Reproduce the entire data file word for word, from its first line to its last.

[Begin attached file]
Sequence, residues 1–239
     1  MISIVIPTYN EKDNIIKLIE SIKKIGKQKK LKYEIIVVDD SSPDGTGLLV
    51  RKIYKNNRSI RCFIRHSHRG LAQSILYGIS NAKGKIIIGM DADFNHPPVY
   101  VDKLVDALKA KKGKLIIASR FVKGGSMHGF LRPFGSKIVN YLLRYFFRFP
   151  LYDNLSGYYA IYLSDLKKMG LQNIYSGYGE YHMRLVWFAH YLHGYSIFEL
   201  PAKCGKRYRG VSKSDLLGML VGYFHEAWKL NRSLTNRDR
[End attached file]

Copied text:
Sequence, residues 1–239
     1  MISIVIPTYN EKDNIIKLIE SIKKIGKQKK LKYEIIVVDD SSPDGTGLLV
    51  RKIYKNNRSI RCFIRHSHRG LAQSILYGIS NAKGKIIIGM DADFNHPPVY
   101  VDKLVDALKA KKGKLIIASR FVKGGSMHGF LRPFGSKIVN YLLRYFFRFP
   151  LYDNLSGYYA IYLSDLKKMG LQNIYSGYGE YHMRLVWFAH YLHGYSIFEL
   201  PAKCGKRYRG VSKSDLLGML VGYFHEAWKL NRSLTNRDR